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Naked Village Voice | Eiko + Koma
Naked Village Voice
photo by Anna Lee Campbell

Eiko and Koma Travel Slowly Into Dreams

  • Village Voice, March 30, 2011
  • Deborah Jowitt

Like Noh and Japanese butoh, the works of Eiko and Koma unfold slowly. But until you’ve seen the two of them perform, or lain nose to the ground to watch a snail cross a patch of grass, you may not have fully experienced slowness. Their moving and beautiful Naked: A Living Installation doesn’t just transform a sixth-floor studio at the Baryshnikov Arts Center; it alters your breathing and your sense of time, as well as prolonging anticipation. Will Koma’s foot actually reach Eiko’s knee, or will she begin to draw away from him before that happens?

The exhibit in the adjoining studio prepares you. If you look deep into any of the five squared-off, chest-high black columns there, you’ll see videos of the pair in earlier dances that they performed unclothed. They lie in water, on leaves, upended against a chain link fence. Their images swim in a shallower tank that looks like a fishpond adjoining another that displays a curling assemblage that might be burnt paper.

Naked attracted around 8,000 viewers during its premiere season at Minneapolis’s Walker Art Center (which commissioned the work). Throughout November 2010, Eiko and Koma were on view in their installation—an important part of the pair’s ongoing three-year retrospective—six days a week during museum hours from (11 a.m. to 5 p.m). At BAC, they perform Tuesday through Friday from 6 p.m. to 10 p.m. and Saturday from 3 p.m. to 9 p.m. (with a rest break). The fact that the event is free encourages people who may want to pay only a short visit, although, after watching Eiko and Koma for a while, you may not be sure what “short” is.

To experience Nakedup close and not just through holes in the heavy paper walls that surround the living installation on three sides, you enter a created “room.” Those walls and its paper floor are strewn with black feathers and pitted with holes made by scorching. In the middle of the space, ringed by dark earth, Eiko and Koma lie on a pile of feathers. High above them, suspended bundles of black strips stir in the breeze from an unseen fan, altering the patterns of light. The lighting itself (adapted by David Ferri from the design at the Walker) slowly morphs—sometimes flickering—from cool and dim to golden or white and back again. From the darkness above, water drips intermittently onto the soil.

In almost all Eiko and Koma’s pieces, they merge with an environment—growing into it, feeding off it in some way. At BAC, their pale, dirt-marked bodies stand out among the dark feathers like mushrooms on the forest floor. Closer to them than usual, we see every tiny move—the way a feather gets caught between two of Eiko’s fingers, the slight settling down of Koma’s buttocks. You could count the vertebrae on their spines. Viewers come and go, finding seats on the single row of benches or standing behind them or sitting on the floor. Some draw what they see on paper provided in the antechamber.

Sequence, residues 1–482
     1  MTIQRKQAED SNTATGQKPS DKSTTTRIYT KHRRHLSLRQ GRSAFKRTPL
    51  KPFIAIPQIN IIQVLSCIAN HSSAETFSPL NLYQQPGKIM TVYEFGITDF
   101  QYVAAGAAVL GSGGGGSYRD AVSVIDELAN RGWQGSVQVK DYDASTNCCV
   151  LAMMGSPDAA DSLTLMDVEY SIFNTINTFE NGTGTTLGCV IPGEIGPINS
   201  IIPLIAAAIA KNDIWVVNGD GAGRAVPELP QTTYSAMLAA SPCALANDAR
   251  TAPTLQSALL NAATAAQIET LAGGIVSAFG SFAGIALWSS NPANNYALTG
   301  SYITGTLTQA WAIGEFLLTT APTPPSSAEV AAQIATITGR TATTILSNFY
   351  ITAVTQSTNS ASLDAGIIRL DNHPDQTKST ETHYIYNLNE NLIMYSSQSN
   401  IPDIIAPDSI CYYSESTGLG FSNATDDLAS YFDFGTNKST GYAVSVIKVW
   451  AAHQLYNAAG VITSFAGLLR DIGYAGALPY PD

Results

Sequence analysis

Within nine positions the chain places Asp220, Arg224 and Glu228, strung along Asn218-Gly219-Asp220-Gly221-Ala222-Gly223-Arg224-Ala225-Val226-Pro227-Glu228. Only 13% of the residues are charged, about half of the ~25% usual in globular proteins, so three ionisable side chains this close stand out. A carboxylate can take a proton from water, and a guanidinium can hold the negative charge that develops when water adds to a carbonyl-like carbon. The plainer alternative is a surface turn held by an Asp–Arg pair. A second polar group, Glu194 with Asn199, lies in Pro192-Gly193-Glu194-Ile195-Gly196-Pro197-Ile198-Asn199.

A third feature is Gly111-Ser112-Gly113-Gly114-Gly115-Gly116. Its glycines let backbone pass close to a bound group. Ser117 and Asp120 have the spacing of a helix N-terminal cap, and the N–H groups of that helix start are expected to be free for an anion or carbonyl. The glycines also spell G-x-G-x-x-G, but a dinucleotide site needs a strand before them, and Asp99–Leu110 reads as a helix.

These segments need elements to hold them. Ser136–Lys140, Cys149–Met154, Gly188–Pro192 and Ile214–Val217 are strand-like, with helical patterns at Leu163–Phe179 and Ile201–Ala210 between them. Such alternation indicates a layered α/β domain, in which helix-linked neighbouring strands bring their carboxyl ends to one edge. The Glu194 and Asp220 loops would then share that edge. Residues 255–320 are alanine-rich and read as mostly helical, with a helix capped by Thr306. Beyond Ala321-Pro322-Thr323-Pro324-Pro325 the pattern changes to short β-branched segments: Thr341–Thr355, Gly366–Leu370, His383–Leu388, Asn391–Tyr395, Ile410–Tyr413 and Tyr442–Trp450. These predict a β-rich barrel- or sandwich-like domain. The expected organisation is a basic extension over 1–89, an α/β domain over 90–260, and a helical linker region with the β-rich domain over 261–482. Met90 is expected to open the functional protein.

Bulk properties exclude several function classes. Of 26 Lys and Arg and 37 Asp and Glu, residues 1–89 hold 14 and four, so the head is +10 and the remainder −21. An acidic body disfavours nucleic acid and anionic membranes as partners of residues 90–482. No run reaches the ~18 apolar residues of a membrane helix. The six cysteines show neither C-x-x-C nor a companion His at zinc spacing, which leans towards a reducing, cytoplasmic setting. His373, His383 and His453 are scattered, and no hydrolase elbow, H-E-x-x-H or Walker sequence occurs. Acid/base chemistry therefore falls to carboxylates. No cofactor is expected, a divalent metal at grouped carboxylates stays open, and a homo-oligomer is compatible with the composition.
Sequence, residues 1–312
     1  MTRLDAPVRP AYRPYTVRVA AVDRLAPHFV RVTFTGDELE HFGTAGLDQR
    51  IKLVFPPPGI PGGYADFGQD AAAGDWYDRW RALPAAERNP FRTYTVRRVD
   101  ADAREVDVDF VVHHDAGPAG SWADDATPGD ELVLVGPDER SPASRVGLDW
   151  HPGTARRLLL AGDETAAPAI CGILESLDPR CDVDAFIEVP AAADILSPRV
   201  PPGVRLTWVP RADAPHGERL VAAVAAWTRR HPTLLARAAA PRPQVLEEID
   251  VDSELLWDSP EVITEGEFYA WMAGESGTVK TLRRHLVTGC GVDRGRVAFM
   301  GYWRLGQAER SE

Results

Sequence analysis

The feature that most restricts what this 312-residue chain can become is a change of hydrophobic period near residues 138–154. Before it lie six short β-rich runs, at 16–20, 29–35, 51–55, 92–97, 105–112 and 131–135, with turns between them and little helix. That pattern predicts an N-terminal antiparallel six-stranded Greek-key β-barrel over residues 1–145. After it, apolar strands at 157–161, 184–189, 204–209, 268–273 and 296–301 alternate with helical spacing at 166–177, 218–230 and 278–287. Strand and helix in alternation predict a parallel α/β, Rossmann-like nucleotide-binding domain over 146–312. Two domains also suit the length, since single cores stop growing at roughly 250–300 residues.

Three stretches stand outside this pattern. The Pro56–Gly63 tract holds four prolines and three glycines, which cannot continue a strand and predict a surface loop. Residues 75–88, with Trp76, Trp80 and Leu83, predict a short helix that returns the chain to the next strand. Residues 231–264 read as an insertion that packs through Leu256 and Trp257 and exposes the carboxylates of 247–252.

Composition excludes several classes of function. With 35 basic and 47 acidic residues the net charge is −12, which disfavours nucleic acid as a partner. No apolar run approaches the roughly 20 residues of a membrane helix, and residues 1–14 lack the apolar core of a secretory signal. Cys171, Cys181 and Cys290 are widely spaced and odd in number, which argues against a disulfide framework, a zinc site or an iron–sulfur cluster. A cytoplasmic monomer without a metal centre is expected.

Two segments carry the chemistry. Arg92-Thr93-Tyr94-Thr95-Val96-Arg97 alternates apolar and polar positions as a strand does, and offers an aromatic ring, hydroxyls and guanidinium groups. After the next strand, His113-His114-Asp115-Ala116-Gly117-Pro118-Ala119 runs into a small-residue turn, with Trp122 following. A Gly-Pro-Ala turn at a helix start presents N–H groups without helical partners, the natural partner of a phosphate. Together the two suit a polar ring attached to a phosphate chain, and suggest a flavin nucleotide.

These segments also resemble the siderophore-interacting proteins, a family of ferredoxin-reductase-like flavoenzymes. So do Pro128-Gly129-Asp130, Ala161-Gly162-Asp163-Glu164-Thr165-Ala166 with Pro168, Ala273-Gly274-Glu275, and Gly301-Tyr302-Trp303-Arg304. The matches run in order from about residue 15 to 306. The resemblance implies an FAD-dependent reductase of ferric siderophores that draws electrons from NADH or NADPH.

The performers are naked in the most profound sense of the word. They’re hairless, except for the black tangles on their heads. For a few uncomfortable seconds, staring at Eiko’s lean haunch, I see a skinned animal carcass—as if she once had fur. When they’re still, they look dead, discarded. Although naked, they don’t cater to the prurient. Koma twists subtly in and out of an almost fetal position, and only Eiko exposes the front of her long, sinewy body.

The heap of feathers has a slight ridge at the center, as if it covers a fallen tree. And this is the barrier over which the two must reach if they are to touch each other. The more severe restriction is that they can’t sit up. Sometimes it seems as if touching—even mating—is their goal, but they neither fully understand how to do it, nor what they’ve accomplished when they do feel each other’s flesh. I think of just-born animals nosing their way to a nipple, falling back, trying again. Or creatures emerging from some primal sleep that has erased their memories. At one point, Koma has brought one knee face to face with Eiko’s lifted knee, and the two knees suddenly look like blind, featureless worms. Because the movement are so minimal, so slow, so controlled, I find my focus shifting like this from the whole picture to details and back. When Koma lifts one hand and moves it slowly toward where Eiko’s lies half-buried, his hand appears to be an independent sentient being.

The room feels alive with anticipation. Do we all wish for the two to connect with some semblance of finality? Eiko’s leg slides along Koma’s, the back of Koma’s hand brushes Eiko’s cheek—gently, clumsily, yet charged with erotic promise—then slips off. These people don’t know how to hold onto anything, nor, seemingly, do they want to.

They are slow, but time moves swiftly. When I think I must have been watching them for about 40 minutes, I find that an hour and 20 minutes have passed, and 10 is approaching. I stand and change my angle of vision. Eiko and Koma seem finally to be drawing closer, without any more withdrawals into what could be exhaustion or despair, and to rest with their hands touching. I begin to ache even more for them—for their vulnerability, their clumsiness, their persistence. I feel the prick of incipient tears. An usher quietly tells each of us that it’s time to leave. As I cast a glance backward, I imagine this man and this woman beginning to separate again, and hurry away, hoping that isn’t so.